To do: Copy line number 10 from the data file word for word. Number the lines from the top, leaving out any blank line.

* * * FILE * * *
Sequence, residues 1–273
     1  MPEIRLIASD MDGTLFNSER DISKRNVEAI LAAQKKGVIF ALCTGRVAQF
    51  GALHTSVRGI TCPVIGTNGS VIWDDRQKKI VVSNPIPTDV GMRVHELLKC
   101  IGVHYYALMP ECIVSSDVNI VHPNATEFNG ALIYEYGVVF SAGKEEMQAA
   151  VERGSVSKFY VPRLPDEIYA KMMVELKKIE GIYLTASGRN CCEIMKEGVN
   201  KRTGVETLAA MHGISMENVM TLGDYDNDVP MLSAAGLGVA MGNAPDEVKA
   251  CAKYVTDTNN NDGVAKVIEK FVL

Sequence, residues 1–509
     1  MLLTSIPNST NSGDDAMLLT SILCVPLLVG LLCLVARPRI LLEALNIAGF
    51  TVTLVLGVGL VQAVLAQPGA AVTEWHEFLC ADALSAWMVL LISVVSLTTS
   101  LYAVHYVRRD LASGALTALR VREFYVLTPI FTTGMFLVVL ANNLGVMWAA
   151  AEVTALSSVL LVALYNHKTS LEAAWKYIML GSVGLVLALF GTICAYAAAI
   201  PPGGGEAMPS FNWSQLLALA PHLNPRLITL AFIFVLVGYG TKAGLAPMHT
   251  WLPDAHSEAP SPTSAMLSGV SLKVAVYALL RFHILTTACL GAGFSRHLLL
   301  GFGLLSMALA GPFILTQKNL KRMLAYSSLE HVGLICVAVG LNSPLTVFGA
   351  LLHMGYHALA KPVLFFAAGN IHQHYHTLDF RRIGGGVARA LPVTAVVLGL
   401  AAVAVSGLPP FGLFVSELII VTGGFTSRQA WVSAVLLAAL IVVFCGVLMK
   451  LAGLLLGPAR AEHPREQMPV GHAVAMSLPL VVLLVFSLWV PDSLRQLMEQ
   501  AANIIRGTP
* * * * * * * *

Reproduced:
    51  TVTLVLGVGL VQAVLAQPGA AVTEWHEFLC ADALSAWMVL LISVVSLTTS